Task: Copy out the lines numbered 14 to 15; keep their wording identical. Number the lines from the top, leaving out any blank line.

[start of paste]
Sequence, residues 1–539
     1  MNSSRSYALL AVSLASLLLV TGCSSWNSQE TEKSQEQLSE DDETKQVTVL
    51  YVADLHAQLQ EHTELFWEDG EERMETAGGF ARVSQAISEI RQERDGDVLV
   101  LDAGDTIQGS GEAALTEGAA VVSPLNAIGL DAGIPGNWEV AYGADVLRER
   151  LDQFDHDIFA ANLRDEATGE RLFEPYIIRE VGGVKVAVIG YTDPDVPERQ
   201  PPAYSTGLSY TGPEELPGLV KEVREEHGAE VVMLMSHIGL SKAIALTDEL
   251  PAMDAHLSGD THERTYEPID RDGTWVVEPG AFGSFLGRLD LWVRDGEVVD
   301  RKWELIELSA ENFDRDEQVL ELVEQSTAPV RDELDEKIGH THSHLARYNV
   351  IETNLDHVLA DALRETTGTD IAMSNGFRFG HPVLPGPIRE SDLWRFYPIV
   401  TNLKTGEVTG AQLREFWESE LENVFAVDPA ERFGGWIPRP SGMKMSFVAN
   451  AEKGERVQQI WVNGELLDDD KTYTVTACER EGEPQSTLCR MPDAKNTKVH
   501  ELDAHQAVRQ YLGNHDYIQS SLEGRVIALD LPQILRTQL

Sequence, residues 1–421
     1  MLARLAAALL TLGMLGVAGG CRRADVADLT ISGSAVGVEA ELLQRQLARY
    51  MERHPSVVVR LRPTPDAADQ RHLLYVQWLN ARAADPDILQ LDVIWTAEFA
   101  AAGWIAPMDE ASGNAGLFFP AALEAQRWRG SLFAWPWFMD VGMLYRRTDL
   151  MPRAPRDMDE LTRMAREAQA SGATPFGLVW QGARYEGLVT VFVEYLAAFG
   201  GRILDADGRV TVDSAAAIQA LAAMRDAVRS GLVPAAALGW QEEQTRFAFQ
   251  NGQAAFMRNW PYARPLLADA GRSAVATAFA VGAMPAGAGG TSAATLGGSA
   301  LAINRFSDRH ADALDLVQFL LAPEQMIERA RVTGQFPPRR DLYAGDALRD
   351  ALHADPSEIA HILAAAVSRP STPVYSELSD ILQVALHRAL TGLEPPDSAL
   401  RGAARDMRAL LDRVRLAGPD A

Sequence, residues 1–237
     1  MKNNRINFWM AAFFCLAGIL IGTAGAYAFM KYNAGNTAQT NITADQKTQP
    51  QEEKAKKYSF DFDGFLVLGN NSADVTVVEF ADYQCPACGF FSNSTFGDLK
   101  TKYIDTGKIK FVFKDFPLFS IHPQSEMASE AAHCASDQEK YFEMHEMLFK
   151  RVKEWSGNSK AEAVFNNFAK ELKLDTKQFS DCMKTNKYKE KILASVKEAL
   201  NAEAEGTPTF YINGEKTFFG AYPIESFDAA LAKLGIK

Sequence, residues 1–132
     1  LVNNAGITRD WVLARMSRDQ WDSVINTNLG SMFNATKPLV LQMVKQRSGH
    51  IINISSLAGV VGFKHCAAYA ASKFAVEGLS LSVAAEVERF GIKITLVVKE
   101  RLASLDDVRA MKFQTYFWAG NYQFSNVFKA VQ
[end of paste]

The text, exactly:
     1  MLARLAAALL TLGMLGVAGG CRRADVADLT ISGSAVGVEA ELLQRQLARY
    51  MERHPSVVVR LRPTPDAADQ RHLLYVQWLN ARAADPDILQ LDVIWTAEFA